But, of course, in a currency union like ours, there is no distinction between a euro issued in one country and one issued in another. It had to start somewhere, but it does not need to stay there, and in fact, it is essential and part of the reason for a currency union that it can move around to other countries freely and easily.

Claims and liabilities in TARGET2

Claims and liabilities in TARGET2 Claims and liabilities in TARGET2

Why have TARGET2 balances been increasing since the financial crisis?

Commercial banks usually lend money to each other via the money market. But when the crisis hit in 2008, trust evaporated and one consequence was that more money was kept at or moved to countries perceived as less vulnerable. This meant that commercial banks in the countries hardest hit by the crisis faced difficulties in getting funding. As lending between banks is key to keep the banking sector functioning, the ECB and the euro area national central banks stepped in.

Central banks provided the necessary funding to commercial banks. A lot of this money was used to replace market-based funding that had dried up, especially funds lent by banks in countries perceived as less vulnerable to those located in countries perceived as more vulnerable. And so, between 2008 and 2012, TARGET2 balances grew because of the larger amount of money that had been created and that crossed borders on a net basis.

TARGET2 balances have again been increasing since 2015 but for different reasons. This is related to monetary policy decisions taken by us at the ECB together with all Eurosystem central banks.

What has the ECB, together with the euro area national central banks, been doing since 2015 that has contributed to increasing TARGET2 balances?

In 2015 the ECB introduced a new programme – the asset purchase programme – as part of the package of measures designed to support the return of inflation to levels in line with our inflation aim. As part of this programme, the central banks in each euro area country buy various assets across borders in return for money. This means that the total amount of money is rising again, but this time driven by the ECB.

Often the assets that are bought by a central bank are held by investors in another country – including countries outside the euro area – who typically have bank accounts in one of the euro area financial centres, such as Frankfurt, Luxembourg or Amsterdam.

So, for example, imagine that under the asset purchase programme, the Spanish central bank buys a bond held by an investor whose bank account is in Frankfurt. To get the money to the German bank account of the seller, the Banco de España makes a cross-border transfer through TARGET2. The seller’s bank account is credited and the German central bank registers an increase in its TARGET2 claim, while the Banco de España increases its TARGET2 liability.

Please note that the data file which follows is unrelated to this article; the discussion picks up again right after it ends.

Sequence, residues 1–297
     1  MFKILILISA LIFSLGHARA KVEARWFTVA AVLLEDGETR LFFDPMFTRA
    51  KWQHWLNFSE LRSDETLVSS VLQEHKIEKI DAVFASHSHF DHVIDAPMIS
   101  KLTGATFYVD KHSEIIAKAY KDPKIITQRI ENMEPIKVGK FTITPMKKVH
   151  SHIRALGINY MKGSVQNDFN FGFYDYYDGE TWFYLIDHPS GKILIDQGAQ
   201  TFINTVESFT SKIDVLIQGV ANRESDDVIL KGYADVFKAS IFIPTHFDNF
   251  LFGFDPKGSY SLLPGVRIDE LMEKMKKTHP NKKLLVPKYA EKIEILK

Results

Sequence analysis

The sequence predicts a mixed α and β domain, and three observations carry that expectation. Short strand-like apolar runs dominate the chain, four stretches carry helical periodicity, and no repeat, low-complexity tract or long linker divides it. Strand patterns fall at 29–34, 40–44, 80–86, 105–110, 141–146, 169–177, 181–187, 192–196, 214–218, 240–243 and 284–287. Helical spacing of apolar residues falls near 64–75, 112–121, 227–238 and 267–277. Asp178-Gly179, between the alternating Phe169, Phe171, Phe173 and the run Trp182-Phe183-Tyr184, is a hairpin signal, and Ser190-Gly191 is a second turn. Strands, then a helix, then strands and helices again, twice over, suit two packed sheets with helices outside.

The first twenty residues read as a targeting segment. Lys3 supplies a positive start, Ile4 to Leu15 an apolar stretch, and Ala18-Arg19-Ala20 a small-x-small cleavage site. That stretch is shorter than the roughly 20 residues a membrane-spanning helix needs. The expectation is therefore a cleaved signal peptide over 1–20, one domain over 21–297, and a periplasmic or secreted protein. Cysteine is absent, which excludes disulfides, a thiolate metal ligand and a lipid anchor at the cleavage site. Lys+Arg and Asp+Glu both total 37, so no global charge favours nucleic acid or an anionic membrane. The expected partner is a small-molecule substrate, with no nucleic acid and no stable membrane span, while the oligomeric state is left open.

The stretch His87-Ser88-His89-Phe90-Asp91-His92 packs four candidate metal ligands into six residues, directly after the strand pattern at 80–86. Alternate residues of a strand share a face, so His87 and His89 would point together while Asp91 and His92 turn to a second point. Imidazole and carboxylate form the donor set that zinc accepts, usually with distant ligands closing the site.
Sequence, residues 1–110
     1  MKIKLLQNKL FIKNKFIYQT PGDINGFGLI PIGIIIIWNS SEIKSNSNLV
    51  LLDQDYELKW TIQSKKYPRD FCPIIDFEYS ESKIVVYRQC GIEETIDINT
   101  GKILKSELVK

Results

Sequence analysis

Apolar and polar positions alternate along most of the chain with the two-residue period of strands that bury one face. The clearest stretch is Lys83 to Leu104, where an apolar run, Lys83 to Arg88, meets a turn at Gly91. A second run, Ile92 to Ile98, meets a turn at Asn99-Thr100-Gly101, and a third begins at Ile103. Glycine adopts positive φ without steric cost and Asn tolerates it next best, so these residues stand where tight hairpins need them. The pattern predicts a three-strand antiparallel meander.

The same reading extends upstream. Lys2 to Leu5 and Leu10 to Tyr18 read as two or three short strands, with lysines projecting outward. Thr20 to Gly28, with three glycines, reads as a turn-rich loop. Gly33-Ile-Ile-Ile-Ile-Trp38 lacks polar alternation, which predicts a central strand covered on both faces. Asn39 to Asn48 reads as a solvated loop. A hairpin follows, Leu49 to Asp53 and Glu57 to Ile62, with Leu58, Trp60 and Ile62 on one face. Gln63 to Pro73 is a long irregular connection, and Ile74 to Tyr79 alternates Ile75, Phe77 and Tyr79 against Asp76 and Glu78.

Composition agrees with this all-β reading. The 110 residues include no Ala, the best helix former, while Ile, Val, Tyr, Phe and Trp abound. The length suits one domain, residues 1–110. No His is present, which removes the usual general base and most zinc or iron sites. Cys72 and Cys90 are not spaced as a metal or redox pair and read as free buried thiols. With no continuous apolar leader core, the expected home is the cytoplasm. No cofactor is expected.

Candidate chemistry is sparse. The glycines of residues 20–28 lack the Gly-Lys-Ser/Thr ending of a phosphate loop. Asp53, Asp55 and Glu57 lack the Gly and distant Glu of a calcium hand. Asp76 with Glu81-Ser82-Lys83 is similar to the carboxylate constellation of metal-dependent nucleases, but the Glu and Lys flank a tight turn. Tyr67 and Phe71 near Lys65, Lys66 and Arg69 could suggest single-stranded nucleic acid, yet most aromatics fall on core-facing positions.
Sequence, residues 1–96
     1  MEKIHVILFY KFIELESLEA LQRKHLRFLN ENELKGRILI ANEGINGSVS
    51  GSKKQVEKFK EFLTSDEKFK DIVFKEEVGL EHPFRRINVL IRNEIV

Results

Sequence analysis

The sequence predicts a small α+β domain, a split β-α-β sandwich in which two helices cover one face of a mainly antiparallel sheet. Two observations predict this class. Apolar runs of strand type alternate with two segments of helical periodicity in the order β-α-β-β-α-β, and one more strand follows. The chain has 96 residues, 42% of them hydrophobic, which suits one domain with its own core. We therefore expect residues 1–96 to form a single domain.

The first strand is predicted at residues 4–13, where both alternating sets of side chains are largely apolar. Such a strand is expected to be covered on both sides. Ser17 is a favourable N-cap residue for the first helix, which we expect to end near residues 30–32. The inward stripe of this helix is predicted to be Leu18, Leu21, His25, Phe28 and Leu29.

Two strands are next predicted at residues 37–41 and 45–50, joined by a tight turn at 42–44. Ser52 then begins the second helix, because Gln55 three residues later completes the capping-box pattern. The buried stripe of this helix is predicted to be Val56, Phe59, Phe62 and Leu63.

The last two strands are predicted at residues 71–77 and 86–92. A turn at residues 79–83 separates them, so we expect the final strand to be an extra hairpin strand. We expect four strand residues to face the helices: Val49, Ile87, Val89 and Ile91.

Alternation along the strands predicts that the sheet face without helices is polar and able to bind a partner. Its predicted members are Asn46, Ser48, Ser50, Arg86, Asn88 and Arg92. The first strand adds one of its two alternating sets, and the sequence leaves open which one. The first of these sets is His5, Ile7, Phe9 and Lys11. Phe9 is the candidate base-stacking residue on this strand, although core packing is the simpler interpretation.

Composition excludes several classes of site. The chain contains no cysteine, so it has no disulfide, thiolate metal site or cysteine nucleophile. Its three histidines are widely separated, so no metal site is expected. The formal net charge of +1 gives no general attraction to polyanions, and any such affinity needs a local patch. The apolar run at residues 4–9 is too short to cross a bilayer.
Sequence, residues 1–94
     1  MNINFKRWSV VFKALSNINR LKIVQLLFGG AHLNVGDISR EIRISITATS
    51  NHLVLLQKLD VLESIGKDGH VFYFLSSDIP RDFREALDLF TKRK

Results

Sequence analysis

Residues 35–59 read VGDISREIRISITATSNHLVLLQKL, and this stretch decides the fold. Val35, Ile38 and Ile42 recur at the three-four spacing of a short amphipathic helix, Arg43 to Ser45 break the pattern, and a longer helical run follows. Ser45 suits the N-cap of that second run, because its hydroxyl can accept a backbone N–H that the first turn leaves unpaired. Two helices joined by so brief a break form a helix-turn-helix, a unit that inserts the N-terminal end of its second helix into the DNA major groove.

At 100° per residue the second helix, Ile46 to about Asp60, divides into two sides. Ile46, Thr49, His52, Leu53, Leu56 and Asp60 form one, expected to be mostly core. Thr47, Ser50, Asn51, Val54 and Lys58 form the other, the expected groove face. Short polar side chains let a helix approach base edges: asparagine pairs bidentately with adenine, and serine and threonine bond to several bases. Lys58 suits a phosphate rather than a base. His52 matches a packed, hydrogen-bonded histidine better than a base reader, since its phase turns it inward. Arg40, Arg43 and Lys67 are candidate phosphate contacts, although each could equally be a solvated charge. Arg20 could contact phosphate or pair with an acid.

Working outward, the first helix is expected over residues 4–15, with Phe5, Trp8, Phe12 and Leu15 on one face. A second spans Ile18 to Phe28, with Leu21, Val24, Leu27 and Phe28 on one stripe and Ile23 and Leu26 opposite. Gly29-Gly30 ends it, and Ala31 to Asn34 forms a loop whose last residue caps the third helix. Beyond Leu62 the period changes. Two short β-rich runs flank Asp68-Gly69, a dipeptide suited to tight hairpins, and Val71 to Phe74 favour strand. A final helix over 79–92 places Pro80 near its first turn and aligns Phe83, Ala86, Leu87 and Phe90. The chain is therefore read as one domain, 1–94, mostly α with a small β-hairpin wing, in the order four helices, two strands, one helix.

Since many assets have been purchased from investors with bank accounts in Germany, money has been flowing into Germany. The money has then remained in countries like Germany because the return on other safe investments (such as domestic government bonds) has been relatively low. Because of this accumulation of money, the Bundesbank’s TARGET2 claim has been rising. On the other hand, the liabilities of countries sending money have been increasing.

TARGET balances of participating national central banks

(EUR billions; outstanding amounts at end June 2020)

TARGET balances of participating national central banks TARGET balances of participating national central banks

Source: ECB

So increasing TARGET2 balances are nothing to worry about?

TARGET2 balances can be an important indicator of what is happening in the economy, i.e. the direction in which money is moving around the euro area. However, their driver and interpretation may change over time and it is a key feature of a currency union that money flows across borders.

TARGET2 balances can sometimes act as a signal that something is wrong, for example if lots of money is flowing out of a particular country because of worries about the financial situation there. If this is the case, TARGET2 balances are not the only signal that there is a problem.

The current TARGET2 balances across countries are principally the result of monetary policy measures designed by the ECB to boost the economy. They are not the result of financial stress and thus not a source for concern.